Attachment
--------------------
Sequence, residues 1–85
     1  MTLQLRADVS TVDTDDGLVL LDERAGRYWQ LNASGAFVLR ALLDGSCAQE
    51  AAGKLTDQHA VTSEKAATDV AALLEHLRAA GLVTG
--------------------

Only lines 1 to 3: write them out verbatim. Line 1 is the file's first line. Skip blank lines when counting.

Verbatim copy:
Sequence, residues 1–85
     1  MTLQLRADVS TVDTDDGLVL LDERAGRYWQ LNASGAFVLR ALLDGSCAQE
    51  AAGKLTDQHA VTSEKAATDV AALLEHLRAA GLVTG